News article created on 25 November 2019

Winners of Birmingham photo competition announced

Over 300 photos were submitted as part of the competition which aimed to capture the unique beauty of the historic waterways across Birmingham and the Black Country.

Budding photographers were encouraged to snap a wide variety of waterway images such as colourful boats, waterway wildlife, historic canal architecture or pictures of people enjoying spending time on their local canal.

The winners are:

1st place: Damien Walmsley with his picture titled ‘Running under Snow Hill station’.

Running under Snow Hill Station by Damien Walmsley

2nd place: Michael Landelle with his picture titled ‘Lazy Sunday afternoon’.

Lazy Sunday afternoon' by Michael Landelle

3rd place: Damien Walmsley with his picture titled ‘Sunrise over Brindleyplace’

Sunrise over Brindleyplace' By Damien Walmsley

As part of the prize the winners were invited to a special VIP celebration event at the Council House in Birmingham where they were presented with their prize by The Lord Lieutenant of the West Midlands, Mr John Crabtree OBE and Allan Leighton, chairman at Canal & River Trust.

Adnan Saif, director of West Midlands at the Canal & River Trust, said: "It’s wonderful that so many people took part in this photo competition. The pictures really showed how lovely the canals in Birmingham and the Black Country are and how lucky we are to have this wonderful network of canals right on our doorstep.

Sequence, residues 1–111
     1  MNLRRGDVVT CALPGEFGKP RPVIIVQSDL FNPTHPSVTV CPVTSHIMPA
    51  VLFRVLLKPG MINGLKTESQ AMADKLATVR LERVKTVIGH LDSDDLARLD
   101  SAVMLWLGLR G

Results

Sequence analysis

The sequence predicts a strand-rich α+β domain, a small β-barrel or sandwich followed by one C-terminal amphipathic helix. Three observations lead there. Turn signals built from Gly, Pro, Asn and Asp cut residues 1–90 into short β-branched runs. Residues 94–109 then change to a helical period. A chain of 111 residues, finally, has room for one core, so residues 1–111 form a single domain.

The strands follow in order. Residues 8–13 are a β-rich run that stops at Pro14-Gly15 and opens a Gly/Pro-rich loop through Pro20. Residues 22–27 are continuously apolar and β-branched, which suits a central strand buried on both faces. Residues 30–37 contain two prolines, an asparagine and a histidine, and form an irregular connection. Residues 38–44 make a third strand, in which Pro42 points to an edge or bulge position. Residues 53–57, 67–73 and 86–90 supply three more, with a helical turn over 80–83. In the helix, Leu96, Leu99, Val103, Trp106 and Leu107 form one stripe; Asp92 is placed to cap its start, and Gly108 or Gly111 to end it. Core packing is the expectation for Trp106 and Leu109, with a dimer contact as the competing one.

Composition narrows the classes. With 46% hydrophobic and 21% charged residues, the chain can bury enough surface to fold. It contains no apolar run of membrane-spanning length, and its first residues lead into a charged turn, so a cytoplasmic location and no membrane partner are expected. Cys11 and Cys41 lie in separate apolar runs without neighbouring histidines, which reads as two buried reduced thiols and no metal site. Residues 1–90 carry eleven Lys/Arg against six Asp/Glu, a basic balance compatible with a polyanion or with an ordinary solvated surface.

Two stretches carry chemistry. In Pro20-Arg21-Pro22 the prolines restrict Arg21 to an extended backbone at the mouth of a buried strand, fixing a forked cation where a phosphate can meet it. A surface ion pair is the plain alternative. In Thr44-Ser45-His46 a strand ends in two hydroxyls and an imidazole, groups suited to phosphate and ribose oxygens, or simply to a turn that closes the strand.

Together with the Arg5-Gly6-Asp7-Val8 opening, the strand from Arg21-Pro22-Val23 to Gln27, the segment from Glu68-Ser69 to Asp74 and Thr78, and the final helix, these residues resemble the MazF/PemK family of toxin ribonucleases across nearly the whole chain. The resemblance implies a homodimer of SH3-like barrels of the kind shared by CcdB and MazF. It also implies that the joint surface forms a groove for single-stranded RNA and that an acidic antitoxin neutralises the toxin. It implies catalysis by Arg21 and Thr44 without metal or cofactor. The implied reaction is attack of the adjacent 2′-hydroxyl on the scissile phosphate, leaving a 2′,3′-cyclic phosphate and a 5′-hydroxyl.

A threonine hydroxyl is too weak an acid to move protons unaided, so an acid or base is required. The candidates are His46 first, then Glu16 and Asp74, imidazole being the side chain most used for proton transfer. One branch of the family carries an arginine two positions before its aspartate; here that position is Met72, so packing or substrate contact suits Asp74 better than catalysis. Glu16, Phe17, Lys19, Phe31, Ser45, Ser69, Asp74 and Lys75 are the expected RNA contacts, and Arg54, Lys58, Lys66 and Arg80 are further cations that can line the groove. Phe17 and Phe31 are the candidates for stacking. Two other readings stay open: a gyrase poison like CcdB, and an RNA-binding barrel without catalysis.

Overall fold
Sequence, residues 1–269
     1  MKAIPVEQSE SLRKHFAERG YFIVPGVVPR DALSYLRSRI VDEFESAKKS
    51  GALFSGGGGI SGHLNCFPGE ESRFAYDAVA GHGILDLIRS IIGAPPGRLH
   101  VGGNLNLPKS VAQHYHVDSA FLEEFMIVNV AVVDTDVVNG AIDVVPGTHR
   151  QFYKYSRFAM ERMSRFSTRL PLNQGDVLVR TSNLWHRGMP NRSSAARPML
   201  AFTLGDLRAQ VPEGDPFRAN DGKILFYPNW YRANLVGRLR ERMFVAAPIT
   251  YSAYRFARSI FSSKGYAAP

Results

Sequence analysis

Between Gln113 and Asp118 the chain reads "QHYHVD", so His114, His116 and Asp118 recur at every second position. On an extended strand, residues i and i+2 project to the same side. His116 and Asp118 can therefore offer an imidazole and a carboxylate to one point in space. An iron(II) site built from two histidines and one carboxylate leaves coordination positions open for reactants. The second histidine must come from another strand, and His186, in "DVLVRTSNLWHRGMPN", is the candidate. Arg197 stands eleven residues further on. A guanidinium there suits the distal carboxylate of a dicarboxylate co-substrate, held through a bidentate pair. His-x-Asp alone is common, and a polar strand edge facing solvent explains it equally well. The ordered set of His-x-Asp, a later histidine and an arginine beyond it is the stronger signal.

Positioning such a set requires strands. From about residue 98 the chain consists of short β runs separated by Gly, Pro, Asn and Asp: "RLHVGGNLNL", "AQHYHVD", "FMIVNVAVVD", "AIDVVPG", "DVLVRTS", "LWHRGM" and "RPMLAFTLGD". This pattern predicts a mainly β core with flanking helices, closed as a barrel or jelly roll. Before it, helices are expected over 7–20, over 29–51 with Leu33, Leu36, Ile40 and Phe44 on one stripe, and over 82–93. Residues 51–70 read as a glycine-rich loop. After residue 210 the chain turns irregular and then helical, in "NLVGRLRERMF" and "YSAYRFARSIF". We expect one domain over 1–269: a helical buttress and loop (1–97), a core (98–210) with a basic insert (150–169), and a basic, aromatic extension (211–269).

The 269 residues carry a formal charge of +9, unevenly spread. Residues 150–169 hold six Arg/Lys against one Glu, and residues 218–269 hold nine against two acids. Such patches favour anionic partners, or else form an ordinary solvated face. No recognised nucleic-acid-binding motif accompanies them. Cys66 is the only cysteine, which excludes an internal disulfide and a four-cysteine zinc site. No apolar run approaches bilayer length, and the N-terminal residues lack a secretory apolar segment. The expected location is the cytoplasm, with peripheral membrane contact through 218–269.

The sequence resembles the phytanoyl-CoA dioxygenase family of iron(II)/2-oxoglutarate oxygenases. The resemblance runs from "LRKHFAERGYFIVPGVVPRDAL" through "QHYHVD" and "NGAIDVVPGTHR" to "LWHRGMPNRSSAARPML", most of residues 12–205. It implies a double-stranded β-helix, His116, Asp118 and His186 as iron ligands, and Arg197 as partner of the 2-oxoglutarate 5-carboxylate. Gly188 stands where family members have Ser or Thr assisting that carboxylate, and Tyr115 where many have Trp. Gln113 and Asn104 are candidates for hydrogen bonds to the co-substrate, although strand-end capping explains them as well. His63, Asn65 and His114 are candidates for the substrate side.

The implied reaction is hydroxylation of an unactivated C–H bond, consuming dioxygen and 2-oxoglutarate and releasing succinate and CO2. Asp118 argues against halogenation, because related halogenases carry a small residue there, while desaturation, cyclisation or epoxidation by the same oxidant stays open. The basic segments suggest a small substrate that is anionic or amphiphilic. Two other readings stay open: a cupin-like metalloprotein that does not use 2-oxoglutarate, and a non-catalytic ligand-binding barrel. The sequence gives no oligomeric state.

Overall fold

"I hope these pictures will encourage more people to come and discover their local canal as research shows being by water makes us happier and healthier."

Michael Smith-Keary, from the Birmingham Canal Navigations Society, said: "It was great seeing so many wonderful pictures of the Birmingham Canal Navigations. There was a real mixture of photos from beautiful rural canal scenes, wildlife, boats and pictures that highlighted our urban waterways.

"All of the photos highlighted just how popular our canals are with local people and that nowadays they are being used for boating and so much more. Now they are very much about creating green spaces that are used for leisure and living - playing a vital role in our society for another 250 years."